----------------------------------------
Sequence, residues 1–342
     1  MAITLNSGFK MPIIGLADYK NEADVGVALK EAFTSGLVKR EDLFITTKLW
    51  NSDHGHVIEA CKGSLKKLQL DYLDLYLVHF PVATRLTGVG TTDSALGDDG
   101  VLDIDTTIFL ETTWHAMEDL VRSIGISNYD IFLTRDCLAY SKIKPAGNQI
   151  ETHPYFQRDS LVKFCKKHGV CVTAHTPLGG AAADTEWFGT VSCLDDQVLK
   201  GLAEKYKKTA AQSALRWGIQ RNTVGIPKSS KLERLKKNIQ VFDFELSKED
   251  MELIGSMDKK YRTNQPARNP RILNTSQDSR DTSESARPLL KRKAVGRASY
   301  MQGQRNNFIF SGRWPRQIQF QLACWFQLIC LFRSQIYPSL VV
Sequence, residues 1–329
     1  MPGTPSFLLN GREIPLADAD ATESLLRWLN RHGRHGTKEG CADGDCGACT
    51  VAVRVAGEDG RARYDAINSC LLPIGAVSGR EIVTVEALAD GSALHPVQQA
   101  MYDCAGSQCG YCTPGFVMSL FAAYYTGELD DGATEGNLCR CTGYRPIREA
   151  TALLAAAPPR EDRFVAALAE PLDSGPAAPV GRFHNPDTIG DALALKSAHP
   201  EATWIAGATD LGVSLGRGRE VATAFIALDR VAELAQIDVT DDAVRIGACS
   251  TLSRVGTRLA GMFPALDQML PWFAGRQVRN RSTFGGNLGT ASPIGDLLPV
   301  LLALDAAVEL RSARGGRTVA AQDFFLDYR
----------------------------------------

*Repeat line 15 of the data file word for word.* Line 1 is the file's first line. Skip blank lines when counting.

   251  TLSRVGTRLA GMFPALDQML PWFAGRQVRN RSTFGGNLGT ASPIGDLLPV